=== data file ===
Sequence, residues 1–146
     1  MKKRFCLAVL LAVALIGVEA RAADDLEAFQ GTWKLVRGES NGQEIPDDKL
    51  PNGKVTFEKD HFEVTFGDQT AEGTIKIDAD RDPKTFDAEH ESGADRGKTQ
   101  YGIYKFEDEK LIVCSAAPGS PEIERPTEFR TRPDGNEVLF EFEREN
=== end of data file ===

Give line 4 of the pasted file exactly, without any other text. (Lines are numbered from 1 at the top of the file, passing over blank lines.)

   101  YGIYKFEDEK LIVCSAAPGS PEIERPTEFR TRPDGNEVLF EFEREN